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2006 Mercury Mountaineer

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2006 Mercury Mountaineer Review

Stylish and safe, provides a good choice for families.

Reviewed by Automotive on


The 2006 Mercury Mountaineer comes in one body configuration: a four-door, midsize sport utility vehicle. Drivers have a choice of a five-, six-, or seven-passenger interior layout. A V-6 provides the standard engine option, but the 2006 model offers a new, more powerful V-8 as well. Buyers have a choice between rear drive and all-wheel drive.

The 2006 Mountaineer comes in three trims: Convenience, Luxury, and Premier.

The Convenience trim level employs a V-6 engine and only offers the five-passenger interior. The Luxury level also comes with the V-6 standard, but the more powerful 4.6-liter V-8 provides a second option. The V-8 engine comes standard in the Premier model.

The Mercury Mountaineer debuted in 1997 as a higher-end version of the Ford Explorer with a sleeker-looking exterior and a more upscale interior design. The midsize sport utility vehicle received a redesign in 2002 with a wider stance, independent rear suspension, and the option of a powerful 4.6-liter V-8 engine. Mercury added optional stability control in 2004 and made it standard in 2005. The 2006 model receives another safety boost, with side curtain airbags standard in all trims.

The Range

Body styles: midsize four-door sport utility vehicle
Engines: 4.0-liter V-6, 4.6-liter V-8
Transmissions: five-speed automatic, six-speed automatic
Models: Mercury Mountaineer Convenience, Mercury Mountaineer Luxury, Mercury Mountaineer Premier

What's New

The Mercury Mountaineer features a number of significant improvements for 2006. The exterior features a bolder grille treatment, a new tailgate, and more attractive taillights. On the inside, additional sound insulation results in a supremely quiet cabin. A stiffened frame and new shocks provide a smoother ride and better handling. Front-seat side airbags, AdvanceTrac stability control, and Roll Stability Control come standard on all Mountaineers. A navigation system and a power-operated third-row seat comprise the new options.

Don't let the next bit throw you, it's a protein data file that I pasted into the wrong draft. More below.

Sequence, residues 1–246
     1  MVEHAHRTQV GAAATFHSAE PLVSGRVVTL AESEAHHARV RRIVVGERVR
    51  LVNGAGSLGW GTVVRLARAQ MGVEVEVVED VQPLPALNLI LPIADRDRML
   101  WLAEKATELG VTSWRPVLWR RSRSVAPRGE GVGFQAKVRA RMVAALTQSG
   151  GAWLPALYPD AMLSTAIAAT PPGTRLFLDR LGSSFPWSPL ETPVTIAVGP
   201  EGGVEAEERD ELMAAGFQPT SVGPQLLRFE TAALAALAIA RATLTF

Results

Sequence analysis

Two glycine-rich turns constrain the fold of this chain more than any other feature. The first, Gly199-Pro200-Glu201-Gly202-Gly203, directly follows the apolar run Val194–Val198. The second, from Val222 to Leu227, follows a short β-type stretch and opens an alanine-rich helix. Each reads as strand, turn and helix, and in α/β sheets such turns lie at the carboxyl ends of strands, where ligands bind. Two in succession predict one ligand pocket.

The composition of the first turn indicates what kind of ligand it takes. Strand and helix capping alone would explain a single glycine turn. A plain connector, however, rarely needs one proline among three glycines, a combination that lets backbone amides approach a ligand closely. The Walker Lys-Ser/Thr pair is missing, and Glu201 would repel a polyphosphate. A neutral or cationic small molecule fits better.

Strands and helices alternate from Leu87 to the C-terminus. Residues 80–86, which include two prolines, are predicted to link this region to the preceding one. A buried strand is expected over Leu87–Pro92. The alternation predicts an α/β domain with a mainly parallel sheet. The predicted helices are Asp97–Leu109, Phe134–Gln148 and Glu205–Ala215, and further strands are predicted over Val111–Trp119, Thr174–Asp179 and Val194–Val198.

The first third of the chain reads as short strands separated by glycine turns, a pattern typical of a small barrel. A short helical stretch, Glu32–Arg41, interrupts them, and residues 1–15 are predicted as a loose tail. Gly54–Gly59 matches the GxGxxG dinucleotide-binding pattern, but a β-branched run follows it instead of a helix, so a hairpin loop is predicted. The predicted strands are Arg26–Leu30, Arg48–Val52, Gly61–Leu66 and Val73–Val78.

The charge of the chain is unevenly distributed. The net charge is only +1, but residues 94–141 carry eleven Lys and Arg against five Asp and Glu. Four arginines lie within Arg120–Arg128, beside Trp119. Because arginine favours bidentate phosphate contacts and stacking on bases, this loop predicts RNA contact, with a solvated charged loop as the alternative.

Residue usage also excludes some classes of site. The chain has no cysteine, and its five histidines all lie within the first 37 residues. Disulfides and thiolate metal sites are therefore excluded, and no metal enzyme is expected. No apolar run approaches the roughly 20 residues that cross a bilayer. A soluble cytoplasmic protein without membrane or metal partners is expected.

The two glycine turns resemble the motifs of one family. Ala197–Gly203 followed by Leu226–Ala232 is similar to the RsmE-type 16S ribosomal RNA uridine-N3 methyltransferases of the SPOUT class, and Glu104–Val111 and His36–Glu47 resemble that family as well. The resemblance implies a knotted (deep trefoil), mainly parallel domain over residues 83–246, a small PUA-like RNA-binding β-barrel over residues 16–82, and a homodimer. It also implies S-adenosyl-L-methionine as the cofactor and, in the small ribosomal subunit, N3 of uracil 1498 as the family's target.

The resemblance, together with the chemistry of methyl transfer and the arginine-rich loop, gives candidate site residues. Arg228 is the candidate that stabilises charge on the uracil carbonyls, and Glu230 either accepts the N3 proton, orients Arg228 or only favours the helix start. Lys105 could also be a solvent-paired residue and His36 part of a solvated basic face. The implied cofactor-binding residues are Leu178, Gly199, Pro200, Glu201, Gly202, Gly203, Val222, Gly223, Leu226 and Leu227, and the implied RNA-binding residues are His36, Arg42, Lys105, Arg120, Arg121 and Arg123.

The exterior styling of the 2006 Mercury Mountaineer shows little change from 2005. Although it has a sleek look, the exterior of the Mountaineer still tends toward resort-style sleek rather than offroad and sporty. The trademark waterfall grille returns for 2006 but without the thin border featured on the 2005 model. The headlights feature a quirky mix of curved lines and sharp angles. The wheelbase measures slightly longer than the 2005 model, while the overall length has grown by two inches. Standard wheels measure 17 inches, while 18-inch wheels offer an optional upgrade. A two-piece liftgate with the glass hinged separately allows the loading of smaller items through the window.


On the other hand, the interior of the 2006 Mountaineer differs greatly from the 2005. Mercury pars down the instruments to the essentials, eliminating the oil pressure and voltage readouts featured in earlier models. The trimmed down gadgets are organized in a recessed pod surrounded by a satin-finish, metallic ring for a less over-crowded arrangement. The stereo and climate controls in the center stack have been updated to accommodate the screen for an optional navigation system.

Overall, the cabin offers quite a bit of space, especially in the third row, which has a tendency to be cramped in comparable sport utility vehicles. The second-row seats fold flat and tumble forward for easy access to the back row.

Performance & Handling

The 2006 Mercury Mountaineer contains a standard 4.0-liter V-6, which provides 210 horsepower and 254 lb-ft of torque. The optional 4.6-liter V-8 engine produces 292 horsepower and 300 lb-ft of torque. A five-speed automatic transmission comes standard with the V-6, while the V-8 pairs with a six-speed automatic transmission. Either engine comes with the choice of rear drive or all-wheel drive. Depending on the equipment package, the Mercury Mountaineer can tow up to 7300 pounds.


Four-wheel, anti-lock disc brakes and a tire-pressure monitor come standard on all models, along with the AdvanceTrac stability control system and Roll Stability Control (RSC). RSC uses a gyro sensor to calculate the vehicle’s roll speed and angle. If the system determines a rollover is imminent, AdvanceTrac takes corrective action to help avoid it. A reverse sensing system and Safety Canopy System with first- and second-row side curtain airbags come standard on the Premier model and as an option on the Convenience and Luxury models. This system also features a rollover sensor that keeps the airbags inflated longer in the event of a rollover.

EPA Fuel Economy

Mercury Mountaineer: 13/19 mpg city/highway

You'll Like

  • Powerful V-8 option
  • Comfortable cabin
  • Standard RSC

You Won't Like

  • Low resale value
  • Poor fuel economy

Sum Up

Stylish and safe, provides a good choice for families.

If You Like This Vehicle

  • 2006 Ford Explorer
  • 2007 Mercury Mariner
  • 2007 Chevrolet Tahoe
  • 2007 Hyundai Santa Fe

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